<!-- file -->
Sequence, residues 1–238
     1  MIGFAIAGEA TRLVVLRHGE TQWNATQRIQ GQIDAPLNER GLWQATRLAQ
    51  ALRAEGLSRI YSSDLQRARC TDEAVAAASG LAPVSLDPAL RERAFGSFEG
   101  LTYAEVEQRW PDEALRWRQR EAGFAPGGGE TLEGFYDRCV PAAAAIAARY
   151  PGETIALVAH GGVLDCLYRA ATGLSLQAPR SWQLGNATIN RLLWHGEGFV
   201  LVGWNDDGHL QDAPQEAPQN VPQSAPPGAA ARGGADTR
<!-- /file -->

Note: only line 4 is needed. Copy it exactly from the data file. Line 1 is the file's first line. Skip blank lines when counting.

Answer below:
   101  LTYAEVEQRW PDEALRWRQR EAGFAPGGGE TLEGFYDRCV PAAAAIAARY